Does the prospect of putting your business on the market give you the willies? Having prospective buyers wade through the intimate details of your business operations not for you? Then you have probably given some thought to selling your business to insiders. This is a popular exit route with a 2011 survey by the Business Enterprise Institute finding that 41% of owners would like to sell to key employees. However, not all of these owners succeed.
There are two major potential problems with sales to employees—they don’t have the financial resources to buy and they don’t have the leadership skills to run the business. In the right circumstances, employee buyers might be able to obtain bank financing. They typically need to demonstrate the ability to manage the business and acquire a small equity stake—through some creative structures such as a stock bonus or a purchase of a heavily discounted minority interest—before approaching a lender. Small Business Administration guarantees are available for loans up to about $5 million and banks will lend on good terms with these guarantees in place.
But what if, after a careful assessment, you determine that your key employee(s) don’t have the leadership skills to keep the business on track? Note the precondition “careful assessment”. In my experience, business owners frequently assume that their employees can run the business. They tend to assume that employees have the same entrepreneurial spirit and passion to succeed that they have. Business owners, among other virtues, tend to be an exceptionally generous group. They recognize that key employees have helped them make the business successful and want to reciprocate by giving these persons the chance to run the business. But to their surprise, after a “careful assessment”, owners are sometimes forced to conclude that key employees are not the right persons to sustain their business legacy.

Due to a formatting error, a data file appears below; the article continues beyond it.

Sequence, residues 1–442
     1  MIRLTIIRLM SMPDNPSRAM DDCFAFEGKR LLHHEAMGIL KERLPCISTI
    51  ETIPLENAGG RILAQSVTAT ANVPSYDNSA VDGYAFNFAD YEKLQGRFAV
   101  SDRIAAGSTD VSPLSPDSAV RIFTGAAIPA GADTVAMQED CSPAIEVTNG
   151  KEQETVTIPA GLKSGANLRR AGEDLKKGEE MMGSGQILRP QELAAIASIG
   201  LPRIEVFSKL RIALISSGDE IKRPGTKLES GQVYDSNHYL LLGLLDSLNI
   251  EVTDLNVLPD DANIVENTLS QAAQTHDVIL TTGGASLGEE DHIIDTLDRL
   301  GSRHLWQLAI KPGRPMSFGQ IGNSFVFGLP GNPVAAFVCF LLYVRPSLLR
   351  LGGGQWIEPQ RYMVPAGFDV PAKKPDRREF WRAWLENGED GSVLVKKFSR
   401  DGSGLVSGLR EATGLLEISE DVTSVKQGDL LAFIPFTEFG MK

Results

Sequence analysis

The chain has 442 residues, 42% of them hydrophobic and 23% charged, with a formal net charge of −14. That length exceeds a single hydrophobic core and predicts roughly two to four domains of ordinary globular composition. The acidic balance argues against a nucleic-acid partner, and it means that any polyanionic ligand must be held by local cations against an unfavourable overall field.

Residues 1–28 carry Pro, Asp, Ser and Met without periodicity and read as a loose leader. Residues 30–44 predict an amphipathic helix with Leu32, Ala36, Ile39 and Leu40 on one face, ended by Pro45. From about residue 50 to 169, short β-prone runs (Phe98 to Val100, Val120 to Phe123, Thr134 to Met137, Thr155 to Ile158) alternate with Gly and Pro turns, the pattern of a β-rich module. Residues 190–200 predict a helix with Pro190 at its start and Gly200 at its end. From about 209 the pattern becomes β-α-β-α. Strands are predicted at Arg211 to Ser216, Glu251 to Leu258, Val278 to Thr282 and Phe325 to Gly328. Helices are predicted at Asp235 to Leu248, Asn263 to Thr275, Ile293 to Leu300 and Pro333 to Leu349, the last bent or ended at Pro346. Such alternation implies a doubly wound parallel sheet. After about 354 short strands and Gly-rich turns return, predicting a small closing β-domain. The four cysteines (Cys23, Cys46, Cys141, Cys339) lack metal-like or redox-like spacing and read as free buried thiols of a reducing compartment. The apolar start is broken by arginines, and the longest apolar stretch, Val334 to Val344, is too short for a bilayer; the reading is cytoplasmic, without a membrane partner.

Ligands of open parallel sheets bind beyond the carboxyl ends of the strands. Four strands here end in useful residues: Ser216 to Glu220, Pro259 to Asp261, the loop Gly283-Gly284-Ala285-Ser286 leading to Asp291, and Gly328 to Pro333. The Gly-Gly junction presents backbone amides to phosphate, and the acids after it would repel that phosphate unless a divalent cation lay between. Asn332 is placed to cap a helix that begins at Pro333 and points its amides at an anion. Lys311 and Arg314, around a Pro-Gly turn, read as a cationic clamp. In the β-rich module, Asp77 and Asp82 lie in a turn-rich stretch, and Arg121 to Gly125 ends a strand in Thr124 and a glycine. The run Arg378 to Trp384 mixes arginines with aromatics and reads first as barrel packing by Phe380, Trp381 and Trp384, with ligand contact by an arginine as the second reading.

Sometimes after surveying the scene and reaching such a conclusion, and still not willing to go the route of a sale to an outsider, our fearless owner will say, “Why don’t I try to find someone who can replace me as CEO?” For a small business in which leadership and ownership reside in the same person(s), this is a daunting challenge.
Insider ownership transitions take time. As we mentioned above, before trying to obtain financing, the prospective buyer must demonstrate the ability to manage the business and acquire a minority stake. The owner must become comfortable that the newly hired heir apparent is in fact a good fit for the company. This is a process that will not happen overnight—figure a minimum of two years. Then once we are all comfortable with the situation, we need to transfer some ownership to the heir in a tax and financially friendly way so that when we go to the bank the buyer has some equity in the company. If we use a stock bonus program, discounted sale of a minority interest or some similar techniques, we will need more time—probably at least two or three years. But if we don’t get comfortable with the situation, and decide that our new hire is not a good fit, we have to start the process all over.
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